Blurring Truth and Fiction in Rural Iran - "Under the Olive Trees" Review
By Stephen Holden The New York Times
In Abbas Kiarostami's film "Through the Olive Trees," Hossein Rezaii, a nonprofessional actor with soulful eyes and a streak of stubbornness that is as big as his ego, plays a love-smitten bricklayer whose would-be fiancee (Tahereh Ladanian) refuses to acknowledge his existence. Complicating matters is the fact that the two have been cast as newlyweds in a movie about earthquake survivors in northern Iran.
The film, which will be shown at Alice Tully Hall tomorrow evening at 6:45 P.M. as part of the New York Film Festival, is the story of one persistent man's pursuit of a woman who believes he is beneath her. It is also a richly textured quasi-documentary portrait of a rural Muslim society in which the people display a remarkable resilience in the face of catastrophe.
In "Through the Olive Trees," the Iranian director has some serious cinematic fun in the manner of Truffaut's "Day for Night." Because Mr. Rezaii essentially plays himself, truth and fiction become thoroughly blurred. The film revels virtuosically in such Pirandellian paradoxes. Conceived as a fictional cinema verite documentary about the making of another movie, the same director's "And Life Goes On," which was shown two years ago at the New York Film Festival, "Through the Olive Trees" is a cinematic Chinese box inside of the earlier film.
"And Life Goes On" is also a largely improvised quasi-documentary, shot in the same area only days after a major earthquake. Most of the players used in both films are nonprofessional local residents, many of whose lives were devastated by the quake.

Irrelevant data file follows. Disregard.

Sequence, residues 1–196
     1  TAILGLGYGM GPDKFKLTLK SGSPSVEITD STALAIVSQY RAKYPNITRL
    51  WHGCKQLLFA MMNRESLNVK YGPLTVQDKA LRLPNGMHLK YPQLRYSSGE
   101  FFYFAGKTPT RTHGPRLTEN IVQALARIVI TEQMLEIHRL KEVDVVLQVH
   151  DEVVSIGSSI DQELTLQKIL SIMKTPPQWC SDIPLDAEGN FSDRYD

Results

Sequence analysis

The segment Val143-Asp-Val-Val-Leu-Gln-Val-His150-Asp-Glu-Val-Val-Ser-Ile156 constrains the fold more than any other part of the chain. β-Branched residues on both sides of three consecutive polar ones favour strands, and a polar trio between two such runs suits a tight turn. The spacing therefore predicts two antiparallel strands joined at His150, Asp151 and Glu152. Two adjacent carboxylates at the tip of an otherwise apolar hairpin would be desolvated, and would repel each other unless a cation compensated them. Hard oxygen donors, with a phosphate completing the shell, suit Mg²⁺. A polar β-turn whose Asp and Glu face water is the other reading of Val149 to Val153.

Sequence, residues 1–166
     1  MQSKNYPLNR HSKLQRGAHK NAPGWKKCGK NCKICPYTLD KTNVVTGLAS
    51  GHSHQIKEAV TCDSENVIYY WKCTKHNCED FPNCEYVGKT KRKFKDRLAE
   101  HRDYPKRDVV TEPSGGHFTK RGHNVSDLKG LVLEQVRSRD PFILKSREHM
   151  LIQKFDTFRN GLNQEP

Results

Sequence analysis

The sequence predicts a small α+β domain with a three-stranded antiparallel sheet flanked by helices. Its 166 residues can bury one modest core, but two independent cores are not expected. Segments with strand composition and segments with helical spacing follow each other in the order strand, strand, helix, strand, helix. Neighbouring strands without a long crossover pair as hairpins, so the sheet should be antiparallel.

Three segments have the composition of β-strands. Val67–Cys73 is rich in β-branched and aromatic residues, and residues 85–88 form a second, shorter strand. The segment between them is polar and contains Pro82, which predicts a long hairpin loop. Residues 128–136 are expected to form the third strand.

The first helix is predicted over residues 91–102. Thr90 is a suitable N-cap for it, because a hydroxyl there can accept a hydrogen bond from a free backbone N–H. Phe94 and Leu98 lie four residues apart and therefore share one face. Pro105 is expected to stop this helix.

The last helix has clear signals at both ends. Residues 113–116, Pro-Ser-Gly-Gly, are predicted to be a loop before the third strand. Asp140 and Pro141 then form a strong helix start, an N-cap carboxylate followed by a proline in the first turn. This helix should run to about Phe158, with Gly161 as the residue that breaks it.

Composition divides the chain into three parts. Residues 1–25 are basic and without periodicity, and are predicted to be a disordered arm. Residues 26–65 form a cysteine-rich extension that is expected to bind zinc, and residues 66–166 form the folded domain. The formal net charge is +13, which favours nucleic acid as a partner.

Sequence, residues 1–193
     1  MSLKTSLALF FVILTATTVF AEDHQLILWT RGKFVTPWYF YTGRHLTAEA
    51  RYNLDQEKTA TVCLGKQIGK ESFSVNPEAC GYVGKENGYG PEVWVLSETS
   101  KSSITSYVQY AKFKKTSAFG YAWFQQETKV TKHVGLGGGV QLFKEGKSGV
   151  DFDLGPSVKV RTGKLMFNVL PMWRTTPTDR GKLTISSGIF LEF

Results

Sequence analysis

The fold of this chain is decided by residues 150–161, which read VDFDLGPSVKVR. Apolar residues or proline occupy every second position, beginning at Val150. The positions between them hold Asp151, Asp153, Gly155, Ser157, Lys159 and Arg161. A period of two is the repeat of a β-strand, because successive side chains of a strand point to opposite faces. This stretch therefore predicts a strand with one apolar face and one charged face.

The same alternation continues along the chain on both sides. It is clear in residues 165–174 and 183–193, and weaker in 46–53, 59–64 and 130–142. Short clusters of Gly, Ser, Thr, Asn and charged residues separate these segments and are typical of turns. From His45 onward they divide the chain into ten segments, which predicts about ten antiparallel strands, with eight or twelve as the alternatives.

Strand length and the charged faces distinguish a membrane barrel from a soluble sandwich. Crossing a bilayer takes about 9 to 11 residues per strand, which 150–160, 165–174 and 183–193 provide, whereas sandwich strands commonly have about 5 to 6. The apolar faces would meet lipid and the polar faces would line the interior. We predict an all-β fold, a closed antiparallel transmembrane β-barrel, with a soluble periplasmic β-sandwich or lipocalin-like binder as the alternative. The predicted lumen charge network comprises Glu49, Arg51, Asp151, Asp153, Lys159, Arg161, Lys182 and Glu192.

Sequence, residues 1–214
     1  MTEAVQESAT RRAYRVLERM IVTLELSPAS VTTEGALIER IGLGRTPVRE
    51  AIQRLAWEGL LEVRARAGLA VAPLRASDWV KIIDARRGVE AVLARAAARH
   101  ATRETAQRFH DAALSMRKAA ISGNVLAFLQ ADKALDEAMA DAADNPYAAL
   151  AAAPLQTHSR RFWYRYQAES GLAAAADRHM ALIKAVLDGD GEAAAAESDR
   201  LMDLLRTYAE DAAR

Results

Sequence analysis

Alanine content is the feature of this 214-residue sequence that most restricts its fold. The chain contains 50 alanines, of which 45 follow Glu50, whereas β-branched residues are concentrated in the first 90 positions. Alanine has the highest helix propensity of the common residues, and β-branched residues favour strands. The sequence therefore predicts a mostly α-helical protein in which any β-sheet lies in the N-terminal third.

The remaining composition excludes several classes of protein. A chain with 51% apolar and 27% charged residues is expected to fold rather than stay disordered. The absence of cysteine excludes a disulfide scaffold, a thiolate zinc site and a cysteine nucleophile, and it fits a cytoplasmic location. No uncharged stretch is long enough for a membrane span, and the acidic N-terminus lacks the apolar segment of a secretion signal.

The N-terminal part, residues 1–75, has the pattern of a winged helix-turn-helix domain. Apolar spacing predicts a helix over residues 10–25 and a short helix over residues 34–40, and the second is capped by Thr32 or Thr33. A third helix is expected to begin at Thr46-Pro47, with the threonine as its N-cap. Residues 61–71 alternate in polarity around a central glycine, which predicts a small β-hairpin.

Mr. Rezaii was featured in one of that film's more memorable vignettes, playing a young man who describes going ahead with his wedding despite the destruction of his home and the loss of 65 relatives. He tells of living in a field with his wife in an improvised shelter. The filming of that scene is re-enacted in "Through the Olive Trees."
Adding an extra conceptual twist is the fact that Mr. Kiarostami does not portray himself in the new movie. Mohammad Ali Keshavarz, who portrays the director, is a shaggy-haired bear of a man who suggests an Iranian version of John Huston. The way all this theory plays out is much less complicated than it might seem.
Mr. Rezaii emerges as an intriguing, if not entirely likable, character. Now that he's an actor, he announces, he will never do masonry again. But as he pursues the object of his affection, who refuses to speak to him or even to make eye contact, his ardent appeals become badgering. In the film's spectacular final scene, the camera follows him in a long shot as he trails behind his beloved on a course that takes them up and down a mountain slope and across a field until the two of them of almost disappear.
Like the earlier movie, "Through the Olive Trees" combines a panoramic visual beauty with an acute sense of human tininess in the face of eruptive natural forces.
Originally Published September 24, 1994
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